Featured image of post MSSQL 2019 Standard Edition - Failover clustering and DR design for on-premise system

MSSQL 2019 Standard Edition - Failover clustering and DR design for on-premise system

For limited budget project

Why MSSQL 2019?

While MSSQL 2022 is around the corner, majority of the existing instances are still running MSSQL 2019 and earlier. More importantly, there is a cool feature offered by MSSQL 2019 license and it is worth to mention here

  1. The MSSQL 2019 licenses allows up 2 passive failover servers for 1 PROD instance. This is considered a major change compared to MSSQL 2017 licensing and earlier version whereas you need to pay extra licenses for the 2nd passive failover server.
  2. Software Assurance (SA) of MSSQL 2019 is still required to support the failover setup
  3. You can also deploy this setup (2 failover servers) on MSSQL 2017 and earlier as long as you purchase MSSQL 2019 + SA
  4. You shouldn’t run any data manipulation transactions on the databases on the 2nd passive failover server. If you do so, it is require to pay extra licenses for this server. Only maintenance-related operations Backup, Restore, DBCC e.g. are allowed.

Why Standard Edition?

Because it is meant for limited budget project. As of Dec 2021, Standard Edition: 3,586 USD/2cores vs Enterprise Edition: 13,748 USD/2cores

Why on-premise ?

While cloud is becoming the major force for the IT infrastructure, there are still lots of companies prefer on-premise due to the cost, internal requirement or complete control of the infrastructure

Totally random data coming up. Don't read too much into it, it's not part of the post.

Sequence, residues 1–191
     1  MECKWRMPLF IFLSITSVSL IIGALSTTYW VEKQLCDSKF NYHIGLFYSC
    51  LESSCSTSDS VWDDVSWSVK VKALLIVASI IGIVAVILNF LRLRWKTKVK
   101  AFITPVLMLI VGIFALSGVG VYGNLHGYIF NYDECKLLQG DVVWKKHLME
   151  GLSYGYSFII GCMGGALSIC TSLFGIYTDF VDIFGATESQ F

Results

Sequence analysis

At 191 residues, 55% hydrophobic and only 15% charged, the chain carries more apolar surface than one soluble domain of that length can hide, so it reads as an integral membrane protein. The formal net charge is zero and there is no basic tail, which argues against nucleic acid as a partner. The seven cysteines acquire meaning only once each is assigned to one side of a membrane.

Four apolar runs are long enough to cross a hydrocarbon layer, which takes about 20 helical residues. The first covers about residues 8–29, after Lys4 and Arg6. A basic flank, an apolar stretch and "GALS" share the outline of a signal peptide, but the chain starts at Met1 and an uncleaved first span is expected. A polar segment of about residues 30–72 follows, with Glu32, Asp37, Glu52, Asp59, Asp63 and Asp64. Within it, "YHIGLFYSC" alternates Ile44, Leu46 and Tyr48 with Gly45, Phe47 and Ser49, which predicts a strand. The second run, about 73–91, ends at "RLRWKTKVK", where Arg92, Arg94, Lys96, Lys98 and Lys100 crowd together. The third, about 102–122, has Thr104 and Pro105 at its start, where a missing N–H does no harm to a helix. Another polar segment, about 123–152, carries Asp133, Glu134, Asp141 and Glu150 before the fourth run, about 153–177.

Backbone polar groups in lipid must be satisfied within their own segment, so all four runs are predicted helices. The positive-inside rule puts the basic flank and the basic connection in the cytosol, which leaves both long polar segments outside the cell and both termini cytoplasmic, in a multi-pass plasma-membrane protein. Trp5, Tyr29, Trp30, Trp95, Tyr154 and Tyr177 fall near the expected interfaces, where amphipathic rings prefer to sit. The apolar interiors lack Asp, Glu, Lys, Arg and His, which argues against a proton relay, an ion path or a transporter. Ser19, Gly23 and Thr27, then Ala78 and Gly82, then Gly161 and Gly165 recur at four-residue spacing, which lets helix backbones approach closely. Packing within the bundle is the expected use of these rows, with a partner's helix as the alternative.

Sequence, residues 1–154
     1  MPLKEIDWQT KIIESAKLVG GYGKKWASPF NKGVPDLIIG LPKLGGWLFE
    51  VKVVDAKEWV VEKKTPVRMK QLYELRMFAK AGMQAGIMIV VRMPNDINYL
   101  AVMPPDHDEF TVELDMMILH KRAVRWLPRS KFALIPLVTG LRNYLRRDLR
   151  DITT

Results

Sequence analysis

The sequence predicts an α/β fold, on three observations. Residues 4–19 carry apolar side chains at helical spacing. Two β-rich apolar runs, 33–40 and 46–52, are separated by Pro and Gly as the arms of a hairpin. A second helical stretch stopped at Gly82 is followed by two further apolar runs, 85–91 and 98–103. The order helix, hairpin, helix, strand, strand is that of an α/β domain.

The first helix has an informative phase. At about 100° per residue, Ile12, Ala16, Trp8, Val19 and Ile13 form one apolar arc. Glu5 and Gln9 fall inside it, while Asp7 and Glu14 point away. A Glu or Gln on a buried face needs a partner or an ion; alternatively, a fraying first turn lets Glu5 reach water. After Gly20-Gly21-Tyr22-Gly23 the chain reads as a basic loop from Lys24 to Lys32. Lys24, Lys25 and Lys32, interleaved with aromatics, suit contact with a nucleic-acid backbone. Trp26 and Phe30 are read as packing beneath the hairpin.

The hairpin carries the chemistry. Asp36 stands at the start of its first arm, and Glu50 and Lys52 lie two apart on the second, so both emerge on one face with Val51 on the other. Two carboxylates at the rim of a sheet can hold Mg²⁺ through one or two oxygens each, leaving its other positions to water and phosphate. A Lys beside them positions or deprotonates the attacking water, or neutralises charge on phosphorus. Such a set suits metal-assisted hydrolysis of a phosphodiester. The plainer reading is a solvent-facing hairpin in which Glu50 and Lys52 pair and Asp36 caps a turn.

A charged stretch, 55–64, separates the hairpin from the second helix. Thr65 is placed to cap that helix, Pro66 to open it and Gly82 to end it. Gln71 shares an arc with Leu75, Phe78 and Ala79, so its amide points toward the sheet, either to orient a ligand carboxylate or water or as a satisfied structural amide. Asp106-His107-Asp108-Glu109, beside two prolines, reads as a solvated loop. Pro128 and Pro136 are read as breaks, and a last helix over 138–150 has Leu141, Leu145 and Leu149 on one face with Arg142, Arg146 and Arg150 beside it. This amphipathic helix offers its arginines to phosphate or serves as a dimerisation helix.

Out of scope

This article breifly explains the high-level design and won’t discuss the virtualization and the details of equipment spec and redudancy e.g. multiple links for WAN network, multiple paths from Server to SAN, multiple SAN devices/SAN switch devices as it generally depends on the hardware provider, not MSSQL.

High-level design

Advantages of the design

  1. It can survive the disater strike on individual server and also the site. If both sites are down then it is another story :P
  2. In the event either Server1A/1B is not avai, apps won’t need to be reconfigured to point to MSSQL instance.
  3. Maximizing the benefit of MSSQL 2019 licensing by minizing the number of license required, for example, assuming that Server1A/1B/2 are having same number of CPU cores, you just need to buy enough core licenses for either server.

Disadvantages of the design

In the event PROD site is not avai, apps would need to be reconfigured to point to MSSQL instance on Server 2 manually by PROD DBA / DNS system admin. Compared to MSSQL AlwaysOn solution on Standard Edition whereas it is auto failover to Server 2, this design is not that operational transparent and might introduce downtime depending on how fast the PROD DBA / DNS system admin reacts. However, AlwaysOn on Standard Edition will also carry extra complications e.g only support 1 database.

The Cost for Per-Code model

Assuming each server 1A/1B/2 are equipped with 24 cores (<4 sockets) to maximize the CPU cores supported by Standard Edition, the total cost for MSSQL licenses is around 51,638.4 USD with the breakdown below

  • Estimated MSSQL: 12 x 3,586 = 43,032 USD
  • Estimated SA (20% of MSSQL cost above): 12 x 3,586 x 20% = 8,606.4 USD

In my experience, the actual cost is lower due to the discount offered by the local distributor, especially when they are closing on the quarter figure.

For the Server+CAL model, it is not popular and more suitable for the system with small limted number of users. Therefore, the cost won’t be covered in this article.

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